BOURBON STREET BLUES
Several years ago I wrote you regarding the very brief bikinis pictured on the cover and inside pages of an issue of SPORTS ILLUSTRATED. In retrospect, those were nothing compared to the picture of the stripper in the Dec. 23 issue (Sugar Week in New Orleans), which I consider to be the utmost in vulgarity. If people want to go to Bourbon Street and see things like that, it's fine and their business, but I certainly object strongly to pictures of this caliber in a magazine such as SPORTS ILLUSTRATED.
We've taken the magazine for a number of years, having three teen-aged boys, but I'm about ready to cancel. How about attempting to rise above this type of thing and just stick to sports, which are far more interesting? The article on New Orleans would have been just as effective had that horrible picture been deleted.
What kind of "sport" is this?
The attire of the young ladies pictured in your Dec. 16 and 23 issues leaves little to the imagination and much to be desired.
MRS. CHARLES C. WORSTELL
To say we were shocked by the picture of "Rita, a star stripper" would be putting it mildly. While this kind of picture appeals to my husband (he loved it), I don't think it is very suitable for a 10-year-old boy.
Is this type of picture going to be a weekly addition to SPORTS ILLUSTRATED? I would hate to cancel my son's subscription, because he devours every issue that comes and saves each one.
MRS. GLENN T. WAGGONER
SHARKS AND OSTRICHES
Congratulations on your fine article The Sharks Are Moving In (Dec. 9). You have presented the situation at Palm Beach clearly and forcefully. It is a great pity that nothing has been done since the timely meeting was called by Paul Rogers. As you pointed out, all of us agreed that the most effective way to reduce the shark hazard in the Palm Beach area was to fish for sharks, and our AIBS Shark Research Panel members (Baldridge, Springer and myself) pointed out that this procedure has been followed with great effectiveness in Australia and at Durban, South Africa. In these two localities gill nets are employed off bathing beaches to capture sharks. This is a costly operation, for the nets must be visited every other day and dead sharks removed. We proposed a far less costly operation; namely, that of utilizing the services of capable commercial shark fishermen to reduce the shark population, and it seemed almost providential when one man, Les Rayen, came forward eager and willing to undertake this task. I am sure that, with a modest financial subsidy, his fishing activity would have substantially reduced the shark hazard in the Palm Beach area. What a pity local apathy and politics so discouraged Rayen that, after nearly two months of waiting, he was forced to go elsewhere to fish for sharks.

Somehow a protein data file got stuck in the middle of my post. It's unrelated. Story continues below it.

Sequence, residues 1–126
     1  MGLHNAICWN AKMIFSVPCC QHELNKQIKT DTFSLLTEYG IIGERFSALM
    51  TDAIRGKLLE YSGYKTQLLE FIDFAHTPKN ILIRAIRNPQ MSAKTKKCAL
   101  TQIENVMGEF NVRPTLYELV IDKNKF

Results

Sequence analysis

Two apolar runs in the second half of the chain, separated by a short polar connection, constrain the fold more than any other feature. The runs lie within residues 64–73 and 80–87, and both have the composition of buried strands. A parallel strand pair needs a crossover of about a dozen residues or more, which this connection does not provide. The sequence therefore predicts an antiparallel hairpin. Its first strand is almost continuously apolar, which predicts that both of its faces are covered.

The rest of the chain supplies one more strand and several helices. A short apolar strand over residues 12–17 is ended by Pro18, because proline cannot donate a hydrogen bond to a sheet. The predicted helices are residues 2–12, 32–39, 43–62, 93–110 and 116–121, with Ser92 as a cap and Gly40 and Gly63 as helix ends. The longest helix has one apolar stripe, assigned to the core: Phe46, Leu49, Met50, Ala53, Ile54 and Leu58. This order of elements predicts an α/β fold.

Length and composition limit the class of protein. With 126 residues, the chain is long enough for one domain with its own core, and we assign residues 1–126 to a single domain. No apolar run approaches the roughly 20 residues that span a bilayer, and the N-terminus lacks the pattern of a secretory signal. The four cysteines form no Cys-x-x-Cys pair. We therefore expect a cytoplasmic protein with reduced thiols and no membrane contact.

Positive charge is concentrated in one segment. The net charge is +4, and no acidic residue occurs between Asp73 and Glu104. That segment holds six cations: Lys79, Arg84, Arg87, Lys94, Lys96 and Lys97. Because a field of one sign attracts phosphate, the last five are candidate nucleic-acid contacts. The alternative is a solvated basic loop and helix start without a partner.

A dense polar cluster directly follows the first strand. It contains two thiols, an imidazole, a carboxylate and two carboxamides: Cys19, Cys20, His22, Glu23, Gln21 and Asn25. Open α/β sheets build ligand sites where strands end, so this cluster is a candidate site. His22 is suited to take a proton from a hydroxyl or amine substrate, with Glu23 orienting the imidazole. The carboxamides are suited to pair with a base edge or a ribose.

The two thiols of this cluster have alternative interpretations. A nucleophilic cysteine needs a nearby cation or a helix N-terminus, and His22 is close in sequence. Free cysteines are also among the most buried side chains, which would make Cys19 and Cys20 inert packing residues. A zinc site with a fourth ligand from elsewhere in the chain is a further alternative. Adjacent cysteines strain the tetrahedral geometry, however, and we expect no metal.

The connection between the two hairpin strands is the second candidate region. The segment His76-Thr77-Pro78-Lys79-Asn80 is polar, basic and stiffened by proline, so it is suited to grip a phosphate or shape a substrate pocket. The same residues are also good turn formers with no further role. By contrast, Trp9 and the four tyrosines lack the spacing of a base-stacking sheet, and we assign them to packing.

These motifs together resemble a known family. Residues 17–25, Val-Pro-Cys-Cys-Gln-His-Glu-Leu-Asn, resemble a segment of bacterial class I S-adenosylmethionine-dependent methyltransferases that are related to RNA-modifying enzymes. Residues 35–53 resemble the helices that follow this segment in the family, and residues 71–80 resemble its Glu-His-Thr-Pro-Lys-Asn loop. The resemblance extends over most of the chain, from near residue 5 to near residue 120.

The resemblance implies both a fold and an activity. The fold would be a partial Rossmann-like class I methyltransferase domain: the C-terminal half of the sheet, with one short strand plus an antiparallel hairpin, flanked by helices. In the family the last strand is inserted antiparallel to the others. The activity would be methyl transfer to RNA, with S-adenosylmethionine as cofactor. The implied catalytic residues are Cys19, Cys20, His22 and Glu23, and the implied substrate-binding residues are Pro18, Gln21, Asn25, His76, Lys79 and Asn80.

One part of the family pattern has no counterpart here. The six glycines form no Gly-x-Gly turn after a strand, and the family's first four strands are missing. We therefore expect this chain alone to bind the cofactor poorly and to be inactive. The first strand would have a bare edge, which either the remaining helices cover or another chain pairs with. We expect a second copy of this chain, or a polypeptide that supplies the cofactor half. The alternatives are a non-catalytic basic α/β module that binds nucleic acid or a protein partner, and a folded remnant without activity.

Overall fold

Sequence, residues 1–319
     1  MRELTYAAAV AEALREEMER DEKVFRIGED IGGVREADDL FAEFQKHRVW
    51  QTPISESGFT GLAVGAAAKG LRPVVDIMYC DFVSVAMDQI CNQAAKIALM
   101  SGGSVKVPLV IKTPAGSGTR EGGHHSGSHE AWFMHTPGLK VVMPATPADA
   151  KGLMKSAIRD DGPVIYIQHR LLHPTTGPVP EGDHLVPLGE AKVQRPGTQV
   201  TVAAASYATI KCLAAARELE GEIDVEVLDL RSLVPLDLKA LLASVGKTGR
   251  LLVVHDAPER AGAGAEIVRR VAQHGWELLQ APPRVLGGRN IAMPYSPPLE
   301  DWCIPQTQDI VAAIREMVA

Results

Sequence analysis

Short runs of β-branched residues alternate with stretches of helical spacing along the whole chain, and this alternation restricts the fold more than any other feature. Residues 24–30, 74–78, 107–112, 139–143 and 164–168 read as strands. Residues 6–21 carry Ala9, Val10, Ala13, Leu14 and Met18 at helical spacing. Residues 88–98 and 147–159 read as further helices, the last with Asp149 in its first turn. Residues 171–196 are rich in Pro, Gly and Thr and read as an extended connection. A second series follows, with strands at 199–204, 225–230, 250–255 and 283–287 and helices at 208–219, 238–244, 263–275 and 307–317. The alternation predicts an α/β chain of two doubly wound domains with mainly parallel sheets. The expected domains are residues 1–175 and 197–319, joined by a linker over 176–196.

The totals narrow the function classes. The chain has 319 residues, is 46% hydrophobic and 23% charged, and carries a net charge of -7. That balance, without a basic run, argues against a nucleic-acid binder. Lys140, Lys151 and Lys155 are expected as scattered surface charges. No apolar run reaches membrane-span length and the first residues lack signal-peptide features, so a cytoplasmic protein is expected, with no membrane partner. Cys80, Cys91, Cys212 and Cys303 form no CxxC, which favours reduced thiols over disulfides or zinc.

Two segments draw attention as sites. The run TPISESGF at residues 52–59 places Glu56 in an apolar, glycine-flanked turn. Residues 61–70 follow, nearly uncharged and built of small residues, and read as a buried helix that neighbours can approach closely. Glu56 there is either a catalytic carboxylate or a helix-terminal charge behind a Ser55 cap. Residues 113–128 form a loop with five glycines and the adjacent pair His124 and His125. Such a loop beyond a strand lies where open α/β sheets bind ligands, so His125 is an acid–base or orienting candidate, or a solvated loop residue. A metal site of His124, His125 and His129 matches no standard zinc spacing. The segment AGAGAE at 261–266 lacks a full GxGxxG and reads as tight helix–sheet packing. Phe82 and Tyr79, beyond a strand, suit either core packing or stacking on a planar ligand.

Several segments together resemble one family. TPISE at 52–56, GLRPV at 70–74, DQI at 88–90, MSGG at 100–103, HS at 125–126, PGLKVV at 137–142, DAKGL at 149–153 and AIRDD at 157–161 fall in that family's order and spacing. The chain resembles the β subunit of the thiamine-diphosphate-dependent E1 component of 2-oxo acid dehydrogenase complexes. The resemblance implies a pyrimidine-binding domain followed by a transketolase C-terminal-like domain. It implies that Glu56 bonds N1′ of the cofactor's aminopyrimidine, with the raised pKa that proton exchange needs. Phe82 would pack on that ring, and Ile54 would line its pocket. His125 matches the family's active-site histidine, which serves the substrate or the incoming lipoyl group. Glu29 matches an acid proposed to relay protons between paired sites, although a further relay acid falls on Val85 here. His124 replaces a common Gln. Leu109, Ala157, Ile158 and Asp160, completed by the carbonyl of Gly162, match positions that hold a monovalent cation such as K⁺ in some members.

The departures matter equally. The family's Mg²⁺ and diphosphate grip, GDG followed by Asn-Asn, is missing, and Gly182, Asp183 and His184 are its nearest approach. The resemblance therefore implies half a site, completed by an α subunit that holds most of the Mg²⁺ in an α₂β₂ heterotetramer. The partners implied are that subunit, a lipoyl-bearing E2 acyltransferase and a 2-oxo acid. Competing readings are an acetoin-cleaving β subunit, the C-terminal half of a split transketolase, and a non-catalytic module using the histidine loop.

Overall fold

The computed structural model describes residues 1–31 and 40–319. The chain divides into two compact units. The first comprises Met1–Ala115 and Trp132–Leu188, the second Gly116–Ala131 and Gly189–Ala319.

It would indeed seem that the local politicians at Palm Beach prefer to ignore the whole problem and give it as little publicity as possible. One is reminded of the quip of an old submariner: "To continue to assume the posture of an ostrich is only to expose a delicate part of one's anatomy to attack."
PERRY W. GILBERT
Mote Marine Laboratory
It seems that the baseball hierarchy has finally realized that the game is rapidly losing its public appeal. The two major reasons for this pitfall seem to be lack of hitting and slow, lifeless play. We of the Student Leaders Of Base Shortening (SLOBS) have been advocating a measure which has been continually ignored by the owners for the past 10 years.
Our plan calls for the shortening of the distance to first base by five feet. This simple measure would help raise batting averages while concurrently shortening the time of a game. Careful scientific study has shown that our plan would decrease by 0.9362 of a second the time consumed by every base on balls. It would also chop 0.7211 of a second from each home run. Our calculations show that if our plan had been adopted 10 years ago, baseball would since have been shortened by a total of almost seven days! I sincerely hope that your readers will join in our dedicated cause before baseball suffers the same fate as chariot racing, alligator wrestling and water polo.